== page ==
I just received the Kodak Zi8 from Adorama and took it around NYC for a little while to get some test footage and see how this thing holds up. I decided to purchase it instead of a FlipCam because it seemed it had a better feature set… let's see!
Here's some commentary on the clips from the video:
Clip 1 - "Waiting for the 6 Train"
Here you can see that because of the mediocre lighting conditions, there's a bit of digital noise in the visual… not terrible, but visible. As far as the sound, I was expecting there to be a lot of distortion on the recorded clip, but it appears the Zi8 automatically attenuated the signal, so the screeching train didn't cause clipping.
Clip 2 - "Macro Fountain"
The Zi8 has a little "landscape-macro" switch on the top of it. For the most part, you'll probably be leaving this in "landscape" mode, but in the case where you'll want to get close to something and capture a lot of detail, you'll probably need to switch to macro. It seems like it's a "fixed" macro setting, so it only looked crisp when I was at the right distance from the fountain, if I was too close/far away, the image was out of focus.
Clip 3 - "Drummer"
The microphone on the Zi8 is just a mediocre little mono thing located on the front of the unit. You're not going to capture anything too special with this (sonically), but it does get the job done. There is a manual microphone attenuator in the settings of the Zi8, so I took it down a bit expecting the loudness of the drums to overpower the normal setting. It doesn't sound great, but it's not terrible… for this sort of situation, it appears to get the job done. However, this IS a 3.5mm input jack on the unit, if you'd like to attempt using an external microphone or source. If you really wanted to, you could hook up something like the Rode Stereo VideoMic to the unit, and hold that in one hand while you film with the other. This would be a little precarious, but it would sound a great deal better, and isn't impossible.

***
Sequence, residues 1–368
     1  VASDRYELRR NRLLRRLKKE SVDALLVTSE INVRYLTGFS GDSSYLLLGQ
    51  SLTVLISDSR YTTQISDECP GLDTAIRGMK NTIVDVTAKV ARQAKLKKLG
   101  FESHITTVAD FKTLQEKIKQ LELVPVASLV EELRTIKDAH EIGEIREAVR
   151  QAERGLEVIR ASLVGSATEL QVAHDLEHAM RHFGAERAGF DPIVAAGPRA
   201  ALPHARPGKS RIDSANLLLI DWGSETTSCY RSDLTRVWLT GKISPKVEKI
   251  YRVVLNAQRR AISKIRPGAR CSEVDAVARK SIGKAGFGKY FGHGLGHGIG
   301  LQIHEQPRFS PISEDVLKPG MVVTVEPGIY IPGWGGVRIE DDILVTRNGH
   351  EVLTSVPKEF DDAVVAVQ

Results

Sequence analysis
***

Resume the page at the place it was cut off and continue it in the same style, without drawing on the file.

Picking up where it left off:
Clip 4 - "Dancer"
Here we can see how the Zi8 captures motion… really not bad, I was expecting worse, especially with the fast movements of a dancer. The captured sound does the trick, especially in this case, where it's really the visual that matters most.
Clip 5 - "Soho Street"
Here I'm walking around a little bit, and you can see that the image is a bit wobbly. The image seemed to be best when I was using both my hands to try and stabilize the camera, but the image is pretty shaky regardless. This is something that I suppose just comes with the fact that it's such a small and light unit, it's difficult to stabilize. I've seen this issue in other people's test footage as well, kind of a bummer.
Clip 6 - "In the R"
Here you can see that quick handheld movement in a moving vehicle is… going to make you feel sick. You probably won't be getting too much meaningful footage inside a subway or car/bus for that matter. Perhaps if I was sitting down it'd be a little more bearable.
Clip 7 - "Manhattan Skyline"